FRANKFORT — A House panel on Thursday voted to change the Kentucky Open Records Act to make private the records of some organizations doing business with government.
Presently, any organization that gets at least 25 percent of its revenue from local or state government must share some records under the act, which is meant to bring transparency to public spending.
But House Bill 496, which proceeds to the full House, would exempt from the 25 percent requirement any money awarded to organizations through a competitive and public procurement process.
The sponsor, Rep. Johnny Bell, told lawmakers the change is needed because someone recently started sending "shotgun letters" to private companies that do business with the state, such as highway contractors, citing the Open Records Act and demanding to see their financial records.
Such an interpretation of the act is "overly broad" and burdens private companies to respond, said Bell, D-Glasgow. As a rule, he said, open records requests are submitted to the government that gives money to private companies, not to the companies.
Later, Bell said he could not name any companies that have been ordered by the attorney general or a court to release records because of the recent letters.
"It's just the apprehension, the feeling that private information, even cellphone records, you could have to turn them over," Bell said. "It's people apprehending what could come."
Prentice Harvey, lobbyist for the Kentucky Association of Highway Contractors, told lawmakers that up to 20 companies have received open records letters in recent months. Hiring a lawyer to respond can cost thousands of dollars, Harvey said.
The House State Government Committee voted 21-to-1 to approve the bill. Rep. Leslie Combs, D-Pikeville, cast the "No" vote. Rep. Jim Wayne, D-Louisville, said he worried about "unintended consequences," but he voted for the bill.
In an interview after the hearing ended, Bell acknowledged he knows who is sending the "shotgun letters": John Rogers, who is, like Bell, a Glasgow lawyer. But Bell said he hasn't asked his neighbor about the open records letters.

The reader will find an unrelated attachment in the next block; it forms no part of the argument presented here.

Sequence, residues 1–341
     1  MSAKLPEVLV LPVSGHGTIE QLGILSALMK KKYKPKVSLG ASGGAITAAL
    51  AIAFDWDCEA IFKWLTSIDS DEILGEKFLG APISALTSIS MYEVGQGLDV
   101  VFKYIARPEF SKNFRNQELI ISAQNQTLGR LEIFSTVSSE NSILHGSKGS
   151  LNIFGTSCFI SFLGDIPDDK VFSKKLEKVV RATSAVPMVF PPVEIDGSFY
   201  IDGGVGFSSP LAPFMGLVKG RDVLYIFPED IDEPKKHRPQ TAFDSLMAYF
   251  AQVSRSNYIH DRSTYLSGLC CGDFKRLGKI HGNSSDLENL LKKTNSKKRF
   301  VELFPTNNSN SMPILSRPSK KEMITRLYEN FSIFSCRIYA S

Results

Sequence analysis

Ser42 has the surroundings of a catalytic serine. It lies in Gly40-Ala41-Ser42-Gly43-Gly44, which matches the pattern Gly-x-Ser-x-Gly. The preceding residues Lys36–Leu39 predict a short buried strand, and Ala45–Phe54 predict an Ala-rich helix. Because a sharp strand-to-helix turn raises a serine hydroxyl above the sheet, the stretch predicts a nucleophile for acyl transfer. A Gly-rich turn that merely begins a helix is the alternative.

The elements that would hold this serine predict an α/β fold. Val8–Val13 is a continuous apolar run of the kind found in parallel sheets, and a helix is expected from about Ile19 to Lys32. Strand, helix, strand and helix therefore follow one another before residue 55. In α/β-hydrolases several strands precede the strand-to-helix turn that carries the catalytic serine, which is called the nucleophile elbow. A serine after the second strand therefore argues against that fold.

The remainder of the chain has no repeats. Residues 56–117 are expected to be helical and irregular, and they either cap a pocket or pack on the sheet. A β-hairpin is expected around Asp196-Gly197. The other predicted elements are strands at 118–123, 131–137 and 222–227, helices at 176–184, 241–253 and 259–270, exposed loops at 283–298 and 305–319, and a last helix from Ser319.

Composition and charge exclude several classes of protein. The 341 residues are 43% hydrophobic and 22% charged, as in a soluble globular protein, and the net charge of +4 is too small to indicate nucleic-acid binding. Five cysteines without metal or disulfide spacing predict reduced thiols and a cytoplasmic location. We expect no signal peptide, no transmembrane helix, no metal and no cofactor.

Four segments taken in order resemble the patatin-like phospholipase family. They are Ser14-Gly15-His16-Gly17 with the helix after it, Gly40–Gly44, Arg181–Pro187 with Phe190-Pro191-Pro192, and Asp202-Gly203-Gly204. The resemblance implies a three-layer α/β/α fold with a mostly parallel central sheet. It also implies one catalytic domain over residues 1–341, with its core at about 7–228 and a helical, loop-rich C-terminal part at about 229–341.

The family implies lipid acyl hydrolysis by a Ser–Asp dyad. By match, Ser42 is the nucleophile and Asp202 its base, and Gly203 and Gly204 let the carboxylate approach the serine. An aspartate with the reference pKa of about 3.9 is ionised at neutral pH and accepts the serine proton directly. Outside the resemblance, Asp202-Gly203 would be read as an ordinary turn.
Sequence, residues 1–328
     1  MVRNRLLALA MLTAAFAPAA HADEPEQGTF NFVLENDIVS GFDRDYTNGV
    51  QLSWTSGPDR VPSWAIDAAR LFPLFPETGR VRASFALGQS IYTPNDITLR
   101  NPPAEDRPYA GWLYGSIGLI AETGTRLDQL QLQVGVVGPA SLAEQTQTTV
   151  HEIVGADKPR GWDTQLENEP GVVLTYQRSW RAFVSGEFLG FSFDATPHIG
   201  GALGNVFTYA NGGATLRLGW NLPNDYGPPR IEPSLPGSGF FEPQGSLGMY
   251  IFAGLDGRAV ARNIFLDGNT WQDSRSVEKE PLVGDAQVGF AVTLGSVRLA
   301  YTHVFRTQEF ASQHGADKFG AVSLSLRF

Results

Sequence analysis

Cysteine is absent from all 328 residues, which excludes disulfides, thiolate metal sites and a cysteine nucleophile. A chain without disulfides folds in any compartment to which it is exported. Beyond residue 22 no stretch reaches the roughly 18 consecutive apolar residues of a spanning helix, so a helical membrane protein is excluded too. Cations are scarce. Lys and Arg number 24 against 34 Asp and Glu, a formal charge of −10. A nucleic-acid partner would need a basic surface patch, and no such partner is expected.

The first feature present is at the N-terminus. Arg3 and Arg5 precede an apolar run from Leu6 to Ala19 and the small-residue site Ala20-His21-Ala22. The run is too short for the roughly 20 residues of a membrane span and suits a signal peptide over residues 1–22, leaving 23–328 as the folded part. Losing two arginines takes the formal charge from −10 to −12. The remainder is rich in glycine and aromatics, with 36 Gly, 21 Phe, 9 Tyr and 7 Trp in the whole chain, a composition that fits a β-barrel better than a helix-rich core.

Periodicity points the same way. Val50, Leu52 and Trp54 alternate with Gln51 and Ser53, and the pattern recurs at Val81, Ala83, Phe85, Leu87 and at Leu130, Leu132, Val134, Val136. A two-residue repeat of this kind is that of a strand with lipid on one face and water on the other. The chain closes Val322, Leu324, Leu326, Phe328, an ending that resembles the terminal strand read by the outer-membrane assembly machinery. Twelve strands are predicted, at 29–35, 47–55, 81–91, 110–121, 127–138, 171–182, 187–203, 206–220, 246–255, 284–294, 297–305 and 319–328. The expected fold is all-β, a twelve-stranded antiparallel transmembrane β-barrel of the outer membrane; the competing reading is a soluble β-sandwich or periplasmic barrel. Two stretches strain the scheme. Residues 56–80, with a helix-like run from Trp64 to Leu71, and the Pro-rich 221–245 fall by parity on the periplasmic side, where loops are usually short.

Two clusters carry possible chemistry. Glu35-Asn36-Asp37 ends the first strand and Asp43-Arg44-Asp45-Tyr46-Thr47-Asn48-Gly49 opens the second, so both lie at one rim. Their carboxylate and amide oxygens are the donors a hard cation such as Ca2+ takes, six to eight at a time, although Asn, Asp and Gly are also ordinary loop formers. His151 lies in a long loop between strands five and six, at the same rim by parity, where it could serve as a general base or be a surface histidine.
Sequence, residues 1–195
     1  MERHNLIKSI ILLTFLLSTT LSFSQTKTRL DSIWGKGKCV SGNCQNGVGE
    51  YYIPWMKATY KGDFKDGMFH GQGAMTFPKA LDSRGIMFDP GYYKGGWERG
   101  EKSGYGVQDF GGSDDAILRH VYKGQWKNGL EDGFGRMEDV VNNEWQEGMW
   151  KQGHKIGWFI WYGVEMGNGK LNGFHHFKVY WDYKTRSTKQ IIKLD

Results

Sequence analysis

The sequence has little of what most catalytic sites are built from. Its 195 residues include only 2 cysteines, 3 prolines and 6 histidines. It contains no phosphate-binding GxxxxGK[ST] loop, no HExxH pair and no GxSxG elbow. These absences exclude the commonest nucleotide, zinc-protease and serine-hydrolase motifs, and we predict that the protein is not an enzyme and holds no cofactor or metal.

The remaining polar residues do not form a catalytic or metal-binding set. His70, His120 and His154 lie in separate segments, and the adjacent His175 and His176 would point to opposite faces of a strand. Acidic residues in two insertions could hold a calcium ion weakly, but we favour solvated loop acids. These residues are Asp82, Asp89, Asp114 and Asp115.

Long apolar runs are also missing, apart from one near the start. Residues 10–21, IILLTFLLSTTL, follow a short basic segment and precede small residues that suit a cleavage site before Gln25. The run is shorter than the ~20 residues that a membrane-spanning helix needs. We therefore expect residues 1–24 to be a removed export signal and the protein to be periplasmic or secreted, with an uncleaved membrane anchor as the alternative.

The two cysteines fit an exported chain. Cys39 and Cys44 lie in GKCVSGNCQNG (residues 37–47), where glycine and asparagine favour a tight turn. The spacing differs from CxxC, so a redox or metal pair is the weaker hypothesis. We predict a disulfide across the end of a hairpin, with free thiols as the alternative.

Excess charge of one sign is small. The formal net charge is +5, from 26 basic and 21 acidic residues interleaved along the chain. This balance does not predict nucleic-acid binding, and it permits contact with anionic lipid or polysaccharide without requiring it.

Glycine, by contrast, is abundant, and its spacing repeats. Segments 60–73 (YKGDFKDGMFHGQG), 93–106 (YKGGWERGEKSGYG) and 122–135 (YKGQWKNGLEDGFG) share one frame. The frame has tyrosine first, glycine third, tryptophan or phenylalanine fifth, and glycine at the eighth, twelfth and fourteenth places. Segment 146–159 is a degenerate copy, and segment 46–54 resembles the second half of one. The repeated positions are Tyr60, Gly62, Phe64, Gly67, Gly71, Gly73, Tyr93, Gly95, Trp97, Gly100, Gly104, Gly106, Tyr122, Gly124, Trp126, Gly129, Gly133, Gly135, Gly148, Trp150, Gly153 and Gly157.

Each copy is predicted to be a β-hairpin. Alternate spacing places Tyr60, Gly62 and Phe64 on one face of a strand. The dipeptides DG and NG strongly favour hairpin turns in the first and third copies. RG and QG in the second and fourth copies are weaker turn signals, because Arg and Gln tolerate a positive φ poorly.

"I'm sure he has his reasons," Bell said.
Rogers did not return a call Thursday seeking comment.
One of the companies that Rogers has asked for records, Hinkle Contracting Co. of Paris, has alleged in a letter to Attorney General Jack Conway that Rogers is working on behalf of a company called Utility Management Group.
UMG is paid more than $11.6 million a year to manage Pike County's water and sewer systems. Conway's office ruled in September that UMG is a public entity under the Open Records Act and must disclose spending information. UMG is appealing in Pike Circuit Court to keep its spending records confidential.
Rogers' open records requests "are intended to goad other contractors to support UMG in the Pike circuit litigation," Buckner Hinkle Jr., who represents Hinkle Contracting, said in a recent interview.
Bell said he is not involved with UMG, and his bill is not intended to protect UMG from public disclosure.
"There is no legislative intent to protect UMG or any other entity that's spending taxpayer dollars on public business," Bell said.
The Kentucky Press Association does not oppose an amended version of Bell's bill because it includes two wording changes that fine-tune its intent, executive director David Thompson told the committee. Bell offered the amended version Thursday.
The bill now states that the Open Records Act covers "any body which, within any fiscal year, derives at least 25 percent of its funds expended by it in the Commonwealth of Kentucky from state or local authority funds. However, any funds derived from a state or local authority in compensation for goods or services that are provided by a contract obtained through a competitive, public procurement process shall not be included in the determination of whether a body is a public agency under this subsection."